By Suzanne Rumsey
refugee (noun) a person who has been forced to leave their country in order to escape war, persecution, or natural disaster
(Oxford English Dictionary);
someone who is unable or unwilling to return to their country of origin owing to a well-founded fear of being persecuted for reasons of race, religion, nationality, membership of a particular social group, or political opinion
(1951 UN Refugee Convention)
Afghanistan Evacuation Air Traffic Control, August 16, 2021: “Okay, how many people do you think are on your jet?... 800 people on your jet? Holy f---, holy cow.”
Where and what is your heaven on earth?
Likely, it would involve a place, a place you call home, a place of family and community, work and leisure, a place made up of the things that define who you are. Imagine for a moment that you have become a refugee, defined by loss of place, of home, community and possibly even family. You have been forced to flee and are now faced with the daunting task of moving heaven and earth to find safety, shelter, a new place to call home.
In its 2020 report, The United Nations High Commission for Refugees (UNHCR) indicated that “Despite COVID-related movement restrictions and pleas from the international community for a [global] ceasefire that would facilitate the COVID-19 response, displacement continued to occur – and to grow. As a result, above one per cent of the world’s population – or 1 in 95 people – is now forcibly displaced. This compares with 1 in 159 in 2010.”
Despite the growing numbers of those seeking asylum, the UNCHR also reported that “only 34,400 refugees were resettled to third countries in 2020…This compares to 107,800 the year before and marks a dramatic 60 per cent decline – at a time when 1.4 million refugees are estimated to be in need of resettlement.”
In mid-August, 640 Afghans crowded onto a U.S. Air Force CF-18 in a desperate attempt to find safety in another country. It was five times the plane’s passenger capacity. The image flooding news broadcasts and social media feeds was a searing definition of moving heaven and earth.
Here in Canada, there is a small group of Anglicans who, in less dramatic but no less committed ways, go about the work of moving heaven and earth to bring to Canada those who have lost their heaven on earth. They are the Refugee Coordinators for the 15 dioceses that hold Private Sponsorship Agreements with the federal government’s Immigration, Refugees and Citizenship Canada ministry. Some of them are lay people, others ordained, some are paid, others are volunteers. PWRDF provides modest networking and advocacy support to this group known as the PWRDF Refugee Network. Since COVID-19 hit, the group has gathered regularly on Zoom to check-in, offer mutual support and mentoring and to strategize.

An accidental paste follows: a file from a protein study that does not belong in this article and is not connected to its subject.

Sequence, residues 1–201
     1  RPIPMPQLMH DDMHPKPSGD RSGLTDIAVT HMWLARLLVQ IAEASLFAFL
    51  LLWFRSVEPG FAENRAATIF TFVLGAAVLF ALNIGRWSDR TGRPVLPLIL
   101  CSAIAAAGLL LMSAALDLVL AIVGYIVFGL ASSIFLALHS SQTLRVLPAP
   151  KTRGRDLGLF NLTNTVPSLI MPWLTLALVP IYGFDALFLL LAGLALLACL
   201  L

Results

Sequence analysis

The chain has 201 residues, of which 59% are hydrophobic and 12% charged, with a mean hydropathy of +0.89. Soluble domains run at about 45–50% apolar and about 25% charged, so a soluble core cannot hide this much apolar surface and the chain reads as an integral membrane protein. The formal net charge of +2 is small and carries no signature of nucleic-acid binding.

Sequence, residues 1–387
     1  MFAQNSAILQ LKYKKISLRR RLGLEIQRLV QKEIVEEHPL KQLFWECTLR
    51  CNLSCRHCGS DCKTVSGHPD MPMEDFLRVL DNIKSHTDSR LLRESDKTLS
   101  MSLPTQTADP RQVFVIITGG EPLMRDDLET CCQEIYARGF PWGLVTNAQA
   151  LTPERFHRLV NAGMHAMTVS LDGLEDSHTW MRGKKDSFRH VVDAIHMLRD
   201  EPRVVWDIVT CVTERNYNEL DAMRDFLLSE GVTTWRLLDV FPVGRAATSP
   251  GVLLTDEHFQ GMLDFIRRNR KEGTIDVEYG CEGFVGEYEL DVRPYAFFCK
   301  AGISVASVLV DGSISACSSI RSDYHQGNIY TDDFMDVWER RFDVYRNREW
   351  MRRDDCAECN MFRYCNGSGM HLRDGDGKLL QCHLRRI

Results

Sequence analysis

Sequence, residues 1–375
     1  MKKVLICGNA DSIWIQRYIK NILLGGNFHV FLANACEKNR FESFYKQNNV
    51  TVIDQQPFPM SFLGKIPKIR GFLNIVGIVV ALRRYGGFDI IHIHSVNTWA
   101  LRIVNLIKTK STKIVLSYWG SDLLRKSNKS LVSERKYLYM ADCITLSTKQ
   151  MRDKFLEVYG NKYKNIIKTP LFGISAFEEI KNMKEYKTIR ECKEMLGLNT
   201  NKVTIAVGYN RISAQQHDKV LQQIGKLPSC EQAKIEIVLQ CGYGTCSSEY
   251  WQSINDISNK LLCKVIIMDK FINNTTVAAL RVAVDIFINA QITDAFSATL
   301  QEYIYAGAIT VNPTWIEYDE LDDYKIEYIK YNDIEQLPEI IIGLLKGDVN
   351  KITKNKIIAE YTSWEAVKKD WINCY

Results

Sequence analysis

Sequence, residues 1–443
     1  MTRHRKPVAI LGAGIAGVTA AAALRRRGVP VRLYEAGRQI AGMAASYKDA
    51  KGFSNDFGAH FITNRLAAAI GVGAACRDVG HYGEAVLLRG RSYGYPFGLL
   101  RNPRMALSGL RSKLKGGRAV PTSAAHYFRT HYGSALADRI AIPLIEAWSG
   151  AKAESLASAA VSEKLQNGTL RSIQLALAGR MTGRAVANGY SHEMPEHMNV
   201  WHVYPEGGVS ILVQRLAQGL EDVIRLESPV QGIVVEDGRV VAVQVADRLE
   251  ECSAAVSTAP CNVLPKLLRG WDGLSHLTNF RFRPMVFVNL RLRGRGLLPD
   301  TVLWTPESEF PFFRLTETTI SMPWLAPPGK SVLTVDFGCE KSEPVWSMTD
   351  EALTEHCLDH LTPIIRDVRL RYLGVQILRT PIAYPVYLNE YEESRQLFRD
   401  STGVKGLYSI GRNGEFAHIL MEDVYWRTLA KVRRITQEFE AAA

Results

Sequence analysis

In the Diocese of Huron, Jane Townshend is the Refugee Coordinator. Since 2015, parishes and families have welcomed 801 refugees to Huron, seven in 2021.
When representatives of the Refugee Network gathered in July to discuss what key messages they would like to share with Anglicans in Canada, they talked about the enormous global need for refugee sponsorship; a need they are confronted with on a daily basis in the form of appeals for asylum. As Townshend noted, “During COVID, three or four parishes in my diocese have come forward to say they would like to consider sponsoring a refugee family. I have a waiting list of 300 refugee cases looking for a sponsor.”
The refugee coordinators also spoke about the complexity of the needs of those seeking asylum. No two cases are alike. This is compounded by a labyrinthine and painfully slow sponsorship process. “What is discouraging is the three-year wait that can be soul-destroying for family members and individuals overseas,” said Tony Davis, Diocese of B.C. Refugee Coordinator.
Yet this moving heaven and earth, of welcoming the stranger, can be transformative for refugees and sponsors alike.
“It is an opportunity to encounter ‘the other,’” explained the Rev. Scott McLeod, who coordinates refugee sponsorship in the Diocese of Niagara. The professional, cultural and other gifts that refugees bring to Canada, the group noted, are beyond measure. “Resilience,” said Jane Townshend, “is a key word when it comes to refugees.”
At the same time, they are keenly aware that some refugees arrive in Canada deeply traumatized and in need of large measures of compassion and practical support. This can make for some very challenging sponsorships, said McLeod. “But that does not negate the legitimacy of the refugee sponsorship program which is legitimate in and of itself.”
Indeed, long before the United Nations defined who is a refugee, Jesus’ Judgement of the Nations spelled out clearly what our response needs to be to those who have moved heaven and earth to begin anew in Canada:
“Come, you that are blessed by my Father, inherit the kingdom prepared for you from the foundation of the world; for I was hungry and you gave me food, I was thirsty and you gave me something to drink, I was a stranger and you welcomed me, I was naked and you gave me clothing, I was sick and you took care of me, I was in prison and you visited me… Truly I tell you, just as you did it to one of the least of these who are members of my family, you did it to me.” (Matthew 25: 34b-36, 40)
To learn more about refugee sponsorship in your diocese, please contact Jane at firstname.lastname@example.org.
Suzanne Rumsey is the PWRDF Public Engagement Program Coordinator.
(Photo: Arindam Banerjee/Shutterstocks)